As a result, she was handed two sitcom vehicles within a year on CBS: "Stockard Channing in Just Friends" (1979), as a newly-separated wife starting life anew in another city (L.A.), and "The Stockard Channing Show" (1980), which again cast her as a divorced lady trying to find herself again in L.A. Neither made her a TV star. Both failed to catch on and lasted but a few months. Stalled at a critical juncture in her career, Stockard decided to return to her first love -- the theater. With "Vanities", "Absurd Person Singular" and "As You Like It" (as Rosalind) already on her resume, she earned fine notices on Broadway with the musical "They're Playing Our Song" replacing Lucie Arnaz in 1980, then garnered rave reviews in the part of the mother of a developmentally disabled child in the New Haven production of Peter Nichols' "A Day in the Death of Joe Egg" in 1982. She repeated her role on Broadway a few years later (the title now shortened to "Joe Egg") and copped the 1985 Tony Award for Best Actress in a Play. Subsequent Tony nominations came her way for her offbeat work in "The House of Blue Leaves" (1986); "Six Degrees of Separation" (1991) (for which she also won an Off-Broadway Obie), "Four Baboons Adoring the Sun" (1992); and for her Eleanor of Aquitaine in "The Lion in Winter" in 1999.
Nominated for an Emmy for the CBS miniseries Echoes in the Darkness (1987), she also won a CableACE Award for her work in Tidy Endings (1988). In film, she received Oscar and Golden Globe nominations when her stage triumph, Six Degrees of Separation (1993), was turned into a film and also received the London Film Critics Circle Award for Best Actress in the film _Business of Strangers, The (2001).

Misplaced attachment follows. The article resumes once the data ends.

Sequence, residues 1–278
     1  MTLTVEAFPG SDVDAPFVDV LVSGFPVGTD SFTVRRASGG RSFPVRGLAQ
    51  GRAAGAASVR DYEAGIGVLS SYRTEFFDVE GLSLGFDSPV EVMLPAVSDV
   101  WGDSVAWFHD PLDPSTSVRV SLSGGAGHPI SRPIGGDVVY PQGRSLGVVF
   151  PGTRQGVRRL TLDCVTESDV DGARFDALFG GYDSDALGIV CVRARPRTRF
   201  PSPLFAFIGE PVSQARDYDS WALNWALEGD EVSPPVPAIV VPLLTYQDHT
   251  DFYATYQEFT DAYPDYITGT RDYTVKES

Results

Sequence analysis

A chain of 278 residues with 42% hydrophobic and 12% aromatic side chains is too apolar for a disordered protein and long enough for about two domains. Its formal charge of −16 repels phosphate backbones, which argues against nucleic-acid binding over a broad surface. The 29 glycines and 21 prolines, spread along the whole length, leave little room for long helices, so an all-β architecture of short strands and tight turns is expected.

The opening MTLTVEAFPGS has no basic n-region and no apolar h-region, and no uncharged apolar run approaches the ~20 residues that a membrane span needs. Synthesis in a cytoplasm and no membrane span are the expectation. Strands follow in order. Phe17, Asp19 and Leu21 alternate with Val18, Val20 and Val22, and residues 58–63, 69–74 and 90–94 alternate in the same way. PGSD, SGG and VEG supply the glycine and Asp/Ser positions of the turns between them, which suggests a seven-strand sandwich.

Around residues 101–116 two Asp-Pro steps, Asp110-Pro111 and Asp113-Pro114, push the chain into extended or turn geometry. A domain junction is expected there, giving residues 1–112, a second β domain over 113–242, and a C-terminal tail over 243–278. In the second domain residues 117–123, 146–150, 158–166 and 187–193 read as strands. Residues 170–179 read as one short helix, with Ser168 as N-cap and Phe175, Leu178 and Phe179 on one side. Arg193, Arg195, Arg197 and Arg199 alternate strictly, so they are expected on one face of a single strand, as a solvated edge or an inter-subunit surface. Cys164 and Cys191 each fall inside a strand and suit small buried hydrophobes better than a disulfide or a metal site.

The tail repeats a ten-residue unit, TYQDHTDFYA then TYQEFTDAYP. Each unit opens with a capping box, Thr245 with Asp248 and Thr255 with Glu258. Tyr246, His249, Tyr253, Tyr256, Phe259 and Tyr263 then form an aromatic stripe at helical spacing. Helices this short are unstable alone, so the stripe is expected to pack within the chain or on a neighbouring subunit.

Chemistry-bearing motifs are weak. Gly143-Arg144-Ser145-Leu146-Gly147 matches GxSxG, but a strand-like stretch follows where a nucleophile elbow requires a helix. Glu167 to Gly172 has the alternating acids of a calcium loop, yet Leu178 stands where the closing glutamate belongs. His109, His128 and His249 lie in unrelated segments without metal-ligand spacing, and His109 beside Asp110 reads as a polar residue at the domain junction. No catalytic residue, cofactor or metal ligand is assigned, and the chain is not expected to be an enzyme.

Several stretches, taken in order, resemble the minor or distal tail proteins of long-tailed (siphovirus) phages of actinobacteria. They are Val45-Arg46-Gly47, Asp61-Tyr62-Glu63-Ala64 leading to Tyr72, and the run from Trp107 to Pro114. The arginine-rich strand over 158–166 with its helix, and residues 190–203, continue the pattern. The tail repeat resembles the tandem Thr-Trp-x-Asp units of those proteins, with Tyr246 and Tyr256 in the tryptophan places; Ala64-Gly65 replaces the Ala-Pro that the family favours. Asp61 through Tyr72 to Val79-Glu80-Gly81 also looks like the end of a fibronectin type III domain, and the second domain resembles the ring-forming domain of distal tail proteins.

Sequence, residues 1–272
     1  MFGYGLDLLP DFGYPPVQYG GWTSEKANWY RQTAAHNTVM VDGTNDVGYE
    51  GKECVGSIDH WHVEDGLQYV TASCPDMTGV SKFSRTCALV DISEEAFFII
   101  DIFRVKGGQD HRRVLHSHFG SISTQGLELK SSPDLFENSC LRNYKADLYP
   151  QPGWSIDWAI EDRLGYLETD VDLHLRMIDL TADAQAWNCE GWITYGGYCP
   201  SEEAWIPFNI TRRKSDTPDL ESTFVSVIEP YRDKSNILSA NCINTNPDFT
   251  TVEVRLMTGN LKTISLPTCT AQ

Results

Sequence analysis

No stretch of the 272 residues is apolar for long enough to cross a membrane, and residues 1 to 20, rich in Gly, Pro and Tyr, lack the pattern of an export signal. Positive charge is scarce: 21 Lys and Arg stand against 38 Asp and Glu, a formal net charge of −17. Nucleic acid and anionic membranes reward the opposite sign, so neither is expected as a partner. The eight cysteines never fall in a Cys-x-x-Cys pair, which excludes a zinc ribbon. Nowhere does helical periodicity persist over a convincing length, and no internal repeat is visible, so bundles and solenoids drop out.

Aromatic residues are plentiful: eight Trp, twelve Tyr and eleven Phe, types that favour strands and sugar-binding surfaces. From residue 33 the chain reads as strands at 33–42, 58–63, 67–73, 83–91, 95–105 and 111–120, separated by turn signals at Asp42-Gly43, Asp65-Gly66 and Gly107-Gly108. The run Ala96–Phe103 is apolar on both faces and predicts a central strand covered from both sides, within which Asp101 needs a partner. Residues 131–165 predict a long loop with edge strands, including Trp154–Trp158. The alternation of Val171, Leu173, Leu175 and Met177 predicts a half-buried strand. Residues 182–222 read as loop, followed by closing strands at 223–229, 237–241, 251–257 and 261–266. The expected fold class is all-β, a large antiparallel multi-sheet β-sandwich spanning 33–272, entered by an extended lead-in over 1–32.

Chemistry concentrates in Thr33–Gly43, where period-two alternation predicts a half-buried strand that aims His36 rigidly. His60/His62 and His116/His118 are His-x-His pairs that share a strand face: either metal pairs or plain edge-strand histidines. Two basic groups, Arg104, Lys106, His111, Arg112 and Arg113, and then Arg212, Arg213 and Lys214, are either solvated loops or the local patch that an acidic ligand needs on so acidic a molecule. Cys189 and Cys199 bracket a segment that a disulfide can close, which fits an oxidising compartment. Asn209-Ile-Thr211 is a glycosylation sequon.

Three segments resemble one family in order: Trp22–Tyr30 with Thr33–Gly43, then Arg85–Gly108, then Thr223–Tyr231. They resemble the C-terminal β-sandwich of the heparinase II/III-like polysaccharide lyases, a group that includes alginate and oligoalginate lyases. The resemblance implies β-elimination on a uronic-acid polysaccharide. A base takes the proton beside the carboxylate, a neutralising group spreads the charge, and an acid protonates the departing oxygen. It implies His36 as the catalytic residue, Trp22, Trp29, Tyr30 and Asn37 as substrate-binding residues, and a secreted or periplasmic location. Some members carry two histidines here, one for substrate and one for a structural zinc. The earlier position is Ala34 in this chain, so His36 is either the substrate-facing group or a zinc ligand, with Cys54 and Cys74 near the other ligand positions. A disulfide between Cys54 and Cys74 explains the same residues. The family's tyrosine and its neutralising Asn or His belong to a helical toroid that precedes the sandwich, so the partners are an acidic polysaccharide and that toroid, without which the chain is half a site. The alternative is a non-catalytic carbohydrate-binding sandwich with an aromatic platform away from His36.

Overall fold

In 1999, Stockard became a recurring member of the cast of "The West Wing" (1999) as First Lady Abigail Bartlet. Audiences were so drawn to her shrewd, classy character that producers wisely started featuring her regularly into the third season. In 2002 she won both Emmy and SAG awards for this role, as well as a second Emmy that same year for her supporting turn as Judy Sheppard in The Matthew Shepard Story (2002), a docudrama about the gay-bashing murder of young Matthew Shepard.
- In December of 2004, she was arrested and charged with two misdemeanor counts of driving under the influence.
- Provides the voice over for the film about the history of Pearl Harbor shown at the USS Arizona Memorial for the National Park Service.
- Born on the same day as talk show host 'Jerry Springer' (qv).
- Won Broadway's 1985 Tony Award as Best Actress (Play) for "A Day In the Death of Joe Egg." This was followed with five other Tony nominations: as Best Actress (Featured Role - Play), in 1986 for "The House of Blue Leaves;" and as Best Actress (Play), in 1991 for "Six Degrees of Separation," a role she recreated in an Oscar-nominated performance in the film version of the same title,_Six Degrees of Separation (1993)_ (qv), in 1992 for "Four Baboons Adoring the Sun," in 1999 for a revival of "A Lion in Winter," playing Eleanor of Aquitaine, and in 2009 for Best Performance for a Leading Actress in a Musical for the revival of "Pal Joey.".
- Lives with Daniel Gillham, 1990-?
- Auditioned for the role of Lois Lane in _Superman (1978)_ (qv), but lost to 'Margot Kidder' (qv).
- Graduated high school from The Madeira School in McLean, Virginia
- Graduated from Harvard University (specifically, its then female-only Radcliffe College), with a BA in history and literature.